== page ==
Two of the most important pathways through which control shapes children’s academic progress are by affecting the quality of their engagement and by influencing how they cope with setbacks (Skinner, 1995; see Table 13.1). In fact, as demonstrated by research on learned helplessness, the most marked differences between the performances of mastery-oriented versus helplessness-oriented children can be seen following exposure to failure (Dweck, 1999; Seligman, 1975). Think aloud protocols, in which children reveal their thought processes when they encounter obstacles (e.g., Diener & Dweck, 1978), show that children with a helplessness orientation soon devolve into worry, doubts about their capacities, and irrelevant digressions. These thought processes sap their energy and interfere with access to cognitive competencies (like problem solving or hypothesis testing) which they were able to utilize. In contrast, mastery-oriented students do not seem to be involved with self-congratulatory reflections. Instead, their entire motivational and cognitive resources are focused on problem solving: what to do next, what might work, what they have learned so far. This allows them to derive maximum information from their task interactions, even figuring out sooner if the problem is too hard for them or unsolvable altogether.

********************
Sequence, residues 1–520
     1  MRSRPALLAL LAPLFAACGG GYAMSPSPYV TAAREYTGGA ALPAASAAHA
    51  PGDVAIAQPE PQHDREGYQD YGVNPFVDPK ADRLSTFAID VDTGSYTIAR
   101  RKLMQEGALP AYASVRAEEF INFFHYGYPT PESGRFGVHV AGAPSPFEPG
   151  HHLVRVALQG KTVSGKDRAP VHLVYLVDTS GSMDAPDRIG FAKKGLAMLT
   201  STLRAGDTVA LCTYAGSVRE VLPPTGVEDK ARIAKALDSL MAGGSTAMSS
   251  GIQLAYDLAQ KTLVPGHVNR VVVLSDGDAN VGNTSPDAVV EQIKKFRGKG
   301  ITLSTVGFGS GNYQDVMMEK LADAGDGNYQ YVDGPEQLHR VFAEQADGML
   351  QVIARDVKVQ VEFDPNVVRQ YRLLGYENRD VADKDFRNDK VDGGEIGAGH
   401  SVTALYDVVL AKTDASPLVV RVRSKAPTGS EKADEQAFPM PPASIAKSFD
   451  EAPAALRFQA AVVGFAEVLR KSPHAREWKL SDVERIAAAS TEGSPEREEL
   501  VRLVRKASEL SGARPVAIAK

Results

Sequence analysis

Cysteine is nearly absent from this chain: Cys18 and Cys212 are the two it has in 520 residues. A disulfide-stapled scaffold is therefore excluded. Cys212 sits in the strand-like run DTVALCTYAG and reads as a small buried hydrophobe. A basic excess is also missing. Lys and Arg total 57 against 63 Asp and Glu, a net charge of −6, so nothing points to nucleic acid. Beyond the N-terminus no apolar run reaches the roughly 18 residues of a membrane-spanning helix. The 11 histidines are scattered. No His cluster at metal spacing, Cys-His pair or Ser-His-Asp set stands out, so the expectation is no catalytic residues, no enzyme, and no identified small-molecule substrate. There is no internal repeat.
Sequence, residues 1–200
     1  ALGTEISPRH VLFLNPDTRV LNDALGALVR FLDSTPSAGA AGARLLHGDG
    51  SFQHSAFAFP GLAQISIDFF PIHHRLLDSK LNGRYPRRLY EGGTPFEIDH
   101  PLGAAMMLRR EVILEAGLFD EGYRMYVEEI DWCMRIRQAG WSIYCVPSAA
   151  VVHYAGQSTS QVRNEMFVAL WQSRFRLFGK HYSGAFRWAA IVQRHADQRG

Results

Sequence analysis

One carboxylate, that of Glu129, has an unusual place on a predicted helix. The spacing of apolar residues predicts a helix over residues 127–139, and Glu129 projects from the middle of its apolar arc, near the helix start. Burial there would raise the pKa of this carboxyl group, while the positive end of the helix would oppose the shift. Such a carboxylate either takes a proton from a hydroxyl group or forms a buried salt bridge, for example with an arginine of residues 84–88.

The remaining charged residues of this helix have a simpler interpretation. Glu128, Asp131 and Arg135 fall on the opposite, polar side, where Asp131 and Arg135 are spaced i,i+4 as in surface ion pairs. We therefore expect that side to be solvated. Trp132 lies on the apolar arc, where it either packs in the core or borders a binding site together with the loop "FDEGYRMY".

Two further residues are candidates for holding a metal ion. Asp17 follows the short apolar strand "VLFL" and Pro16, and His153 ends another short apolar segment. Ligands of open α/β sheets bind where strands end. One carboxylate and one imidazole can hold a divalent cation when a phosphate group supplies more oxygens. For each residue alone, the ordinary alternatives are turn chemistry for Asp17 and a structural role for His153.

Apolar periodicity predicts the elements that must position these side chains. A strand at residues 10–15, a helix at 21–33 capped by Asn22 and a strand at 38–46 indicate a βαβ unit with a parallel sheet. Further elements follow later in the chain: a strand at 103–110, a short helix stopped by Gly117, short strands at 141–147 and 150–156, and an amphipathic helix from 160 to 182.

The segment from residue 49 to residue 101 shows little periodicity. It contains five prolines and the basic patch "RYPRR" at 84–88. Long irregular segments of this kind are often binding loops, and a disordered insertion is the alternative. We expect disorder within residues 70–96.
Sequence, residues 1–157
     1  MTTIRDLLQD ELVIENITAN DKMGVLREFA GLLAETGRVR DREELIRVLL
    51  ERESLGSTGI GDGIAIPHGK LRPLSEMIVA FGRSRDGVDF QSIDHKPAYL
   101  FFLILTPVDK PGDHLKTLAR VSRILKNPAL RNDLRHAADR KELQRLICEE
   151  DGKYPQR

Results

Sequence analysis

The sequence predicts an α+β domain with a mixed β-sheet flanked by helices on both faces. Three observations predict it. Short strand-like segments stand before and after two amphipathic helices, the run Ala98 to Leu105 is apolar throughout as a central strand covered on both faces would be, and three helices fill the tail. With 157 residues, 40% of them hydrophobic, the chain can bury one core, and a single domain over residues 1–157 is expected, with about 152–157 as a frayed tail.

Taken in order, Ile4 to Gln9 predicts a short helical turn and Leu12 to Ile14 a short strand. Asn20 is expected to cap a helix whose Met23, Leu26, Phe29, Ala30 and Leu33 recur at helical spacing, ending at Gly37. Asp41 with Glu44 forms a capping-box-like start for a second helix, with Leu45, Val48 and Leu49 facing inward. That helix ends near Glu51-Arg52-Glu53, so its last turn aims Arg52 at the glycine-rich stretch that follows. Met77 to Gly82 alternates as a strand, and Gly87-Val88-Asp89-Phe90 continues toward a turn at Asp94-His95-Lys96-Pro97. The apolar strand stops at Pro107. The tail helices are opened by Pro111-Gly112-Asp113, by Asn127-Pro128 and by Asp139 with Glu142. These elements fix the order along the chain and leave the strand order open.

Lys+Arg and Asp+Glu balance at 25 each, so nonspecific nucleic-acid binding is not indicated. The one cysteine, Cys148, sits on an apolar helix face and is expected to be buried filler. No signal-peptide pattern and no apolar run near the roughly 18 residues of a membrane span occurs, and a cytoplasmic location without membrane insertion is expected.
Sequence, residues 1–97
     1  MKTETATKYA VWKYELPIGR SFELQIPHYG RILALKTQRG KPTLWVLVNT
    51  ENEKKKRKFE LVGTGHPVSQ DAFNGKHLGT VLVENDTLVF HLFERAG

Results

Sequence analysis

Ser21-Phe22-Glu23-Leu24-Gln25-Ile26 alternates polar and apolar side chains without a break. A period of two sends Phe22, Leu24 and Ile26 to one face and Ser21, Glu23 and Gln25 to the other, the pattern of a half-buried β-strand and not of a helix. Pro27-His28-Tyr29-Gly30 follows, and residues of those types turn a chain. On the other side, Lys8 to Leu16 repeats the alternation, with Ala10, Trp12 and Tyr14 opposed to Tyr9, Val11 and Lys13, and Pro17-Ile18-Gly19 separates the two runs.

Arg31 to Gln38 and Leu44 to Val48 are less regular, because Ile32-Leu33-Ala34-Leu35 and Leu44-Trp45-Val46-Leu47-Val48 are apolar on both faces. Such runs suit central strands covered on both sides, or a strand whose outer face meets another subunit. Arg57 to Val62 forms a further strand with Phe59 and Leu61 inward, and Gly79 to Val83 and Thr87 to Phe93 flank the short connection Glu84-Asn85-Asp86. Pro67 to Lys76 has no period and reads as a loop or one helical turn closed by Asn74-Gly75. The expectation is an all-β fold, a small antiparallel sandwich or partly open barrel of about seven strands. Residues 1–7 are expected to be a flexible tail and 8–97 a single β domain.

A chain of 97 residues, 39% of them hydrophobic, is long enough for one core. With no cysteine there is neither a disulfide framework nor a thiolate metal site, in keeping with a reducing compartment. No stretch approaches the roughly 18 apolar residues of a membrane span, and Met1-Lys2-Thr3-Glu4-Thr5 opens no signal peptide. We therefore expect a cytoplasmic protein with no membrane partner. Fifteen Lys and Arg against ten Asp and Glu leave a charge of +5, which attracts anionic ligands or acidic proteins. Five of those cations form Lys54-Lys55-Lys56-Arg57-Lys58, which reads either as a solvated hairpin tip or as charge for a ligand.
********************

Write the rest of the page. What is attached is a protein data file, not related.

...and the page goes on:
How Can Control Shape Academic Development?
The experience of control is dynamic, creating action episodes or cycles in which perceived control both shapes a student’s approach to school and is shaped by that student’s history of successes and failures with academic tasks (see Figure 13.2). These cycles are self-verifying or amplifying—children initially “rich” in perceived control, through the way they engage in learning activities and cope with challenges, become “richer” over time, whereas children who doubt their competence, through the ways they deal with academic tasks, actually forfeit opportunities for control and so verify their initially low expectations (Schmitz & Skinner, 1993). Cumulatively, these different approaches also have an effect on social partners—teachers respond with more involvement and autonomy support to students who are more actively engaged in the classroom, whereas teachers increasingly withdraw their support or become more coercive with students who are more disaffected (Skinner & Belmont, 1993). Actively engaged students are also more likely to hang out with actively engaged peers at school, which likewise supports the development of their own motivation (Kindermann, 2007).